Even though George Zimmerman was found not guilty in a Florida courtroom, the federal government may still bring charges against some facts being brought in the state court. As the federal courts are a separate entity, double jeopardy does not apply, says Eugene Hyman, retired Superior Court Judge of Santa Clara, California.
The federal charges require the crime be racially motivated and since it was tough to approve at the state level, Hyman believes it will be just as tough, if not tougher, at the federal level. The judge at the state court indicated the prosecution was not allowed to submit evidence to the jury with respect to any racial profiling and that ruling would not be prohibited necessarily with respect to the federal case. That would require that George Zimmerman's behavior was racially motivated in order for their to be a federal charge, notes Hyman. From what Hyman gathers from the state case, there was not an abundance of evidence that Zimmerman's conduct was motivated by racial hatred.
Hyman says that while the case is similar to the Rodney King case in Los Angeles, in that federal prosecutors were under to pressure to proceed with a case against Zimmerman, it is different in that there was a video in the King case and police officers testifying against each other, neither of which exist in the Zimmerman case.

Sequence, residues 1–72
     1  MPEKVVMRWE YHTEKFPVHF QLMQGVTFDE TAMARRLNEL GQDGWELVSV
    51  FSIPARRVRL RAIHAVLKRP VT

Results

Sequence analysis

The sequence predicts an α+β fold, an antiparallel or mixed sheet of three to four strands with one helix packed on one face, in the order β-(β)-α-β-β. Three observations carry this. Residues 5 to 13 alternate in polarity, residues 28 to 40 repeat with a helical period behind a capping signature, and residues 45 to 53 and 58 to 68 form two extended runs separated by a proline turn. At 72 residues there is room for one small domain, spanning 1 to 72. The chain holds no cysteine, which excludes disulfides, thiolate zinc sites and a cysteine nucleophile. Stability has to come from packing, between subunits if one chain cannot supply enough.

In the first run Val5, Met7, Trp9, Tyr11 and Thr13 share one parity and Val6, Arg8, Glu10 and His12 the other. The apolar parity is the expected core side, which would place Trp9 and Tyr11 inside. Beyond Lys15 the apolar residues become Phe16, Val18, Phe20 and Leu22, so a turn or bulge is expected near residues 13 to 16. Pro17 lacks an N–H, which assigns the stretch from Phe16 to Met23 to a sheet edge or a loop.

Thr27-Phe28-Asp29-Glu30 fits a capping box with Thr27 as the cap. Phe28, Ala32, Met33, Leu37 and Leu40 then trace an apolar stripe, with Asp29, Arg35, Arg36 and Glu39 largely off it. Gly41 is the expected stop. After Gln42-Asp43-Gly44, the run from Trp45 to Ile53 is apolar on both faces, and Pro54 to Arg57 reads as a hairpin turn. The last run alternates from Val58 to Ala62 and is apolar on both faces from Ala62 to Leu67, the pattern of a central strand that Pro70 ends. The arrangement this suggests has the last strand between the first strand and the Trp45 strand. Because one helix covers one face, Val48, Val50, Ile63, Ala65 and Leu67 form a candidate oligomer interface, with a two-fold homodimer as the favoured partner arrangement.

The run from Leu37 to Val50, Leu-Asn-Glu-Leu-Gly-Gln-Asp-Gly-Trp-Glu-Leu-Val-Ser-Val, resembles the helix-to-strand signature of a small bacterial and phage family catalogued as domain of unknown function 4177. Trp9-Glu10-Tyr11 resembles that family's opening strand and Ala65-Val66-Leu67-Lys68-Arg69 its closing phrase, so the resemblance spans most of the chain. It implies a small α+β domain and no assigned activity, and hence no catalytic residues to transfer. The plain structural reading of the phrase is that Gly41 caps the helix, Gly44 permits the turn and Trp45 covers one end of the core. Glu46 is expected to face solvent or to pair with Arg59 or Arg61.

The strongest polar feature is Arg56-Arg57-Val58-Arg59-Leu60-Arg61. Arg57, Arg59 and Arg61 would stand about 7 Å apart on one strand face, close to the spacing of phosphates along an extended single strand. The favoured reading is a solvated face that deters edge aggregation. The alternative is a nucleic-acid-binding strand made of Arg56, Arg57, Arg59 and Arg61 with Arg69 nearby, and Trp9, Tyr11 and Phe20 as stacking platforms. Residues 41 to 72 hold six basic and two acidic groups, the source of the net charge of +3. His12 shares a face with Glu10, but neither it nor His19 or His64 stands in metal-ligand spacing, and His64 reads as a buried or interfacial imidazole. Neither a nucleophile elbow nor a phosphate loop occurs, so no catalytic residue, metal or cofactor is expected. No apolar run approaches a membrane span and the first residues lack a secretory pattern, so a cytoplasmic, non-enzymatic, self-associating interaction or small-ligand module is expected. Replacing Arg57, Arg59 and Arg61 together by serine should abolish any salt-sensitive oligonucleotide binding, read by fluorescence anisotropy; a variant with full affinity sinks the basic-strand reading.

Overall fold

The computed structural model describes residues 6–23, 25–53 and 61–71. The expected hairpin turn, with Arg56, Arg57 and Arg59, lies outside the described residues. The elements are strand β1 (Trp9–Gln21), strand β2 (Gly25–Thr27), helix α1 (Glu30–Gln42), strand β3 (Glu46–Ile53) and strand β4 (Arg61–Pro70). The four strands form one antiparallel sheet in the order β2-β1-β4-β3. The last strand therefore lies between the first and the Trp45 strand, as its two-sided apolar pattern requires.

Hyman thinks that having more jurors in a federal jury works in favor of the defense because you would have additional persons to deliberate to potentially hang a jury. Hyman feels the feds won't bring a case against Zimmerman because he doesn't think a case exists for racial hatred. However, he feels there is no doubt a civil lawsuit will be brought against him, which will be a much easier hurdle in terms of rendering a verdict in favor of the family.
Honorable Judge Eugene Hyman has received numerous awards and recognition for his work with families and children and has appeared on numerous television news shows. For more information, visit www.judgehyman.com. He is also a featured commentator on The Family Law Channel and The Legal Broadcast Network.